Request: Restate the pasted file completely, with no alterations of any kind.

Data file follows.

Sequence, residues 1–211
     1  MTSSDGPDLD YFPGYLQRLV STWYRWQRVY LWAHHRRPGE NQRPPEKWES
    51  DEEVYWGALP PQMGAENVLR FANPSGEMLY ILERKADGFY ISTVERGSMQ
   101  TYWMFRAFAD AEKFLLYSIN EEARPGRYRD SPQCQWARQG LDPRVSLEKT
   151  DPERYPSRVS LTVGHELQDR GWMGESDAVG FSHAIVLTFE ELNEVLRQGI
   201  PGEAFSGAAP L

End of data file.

Sequence, residues 1–211
     1  MTSSDGPDLD YFPGYLQRLV STWYRWQRVY LWAHHRRPGE NQRPPEKWES
    51  DEEVYWGALP PQMGAENVLR FANPSGEMLY ILERKADGFY ISTVERGSMQ
   101  TYWMFRAFAD AEKFLLYSIN EEARPGRYRD SPQCQWARQG LDPRVSLEKT
   151  DPERYPSRVS LTVGHELQDR GWMGESDAVG FSHAIVLTFE ELNEVLRQGI
   201  PGEAFSGAAP L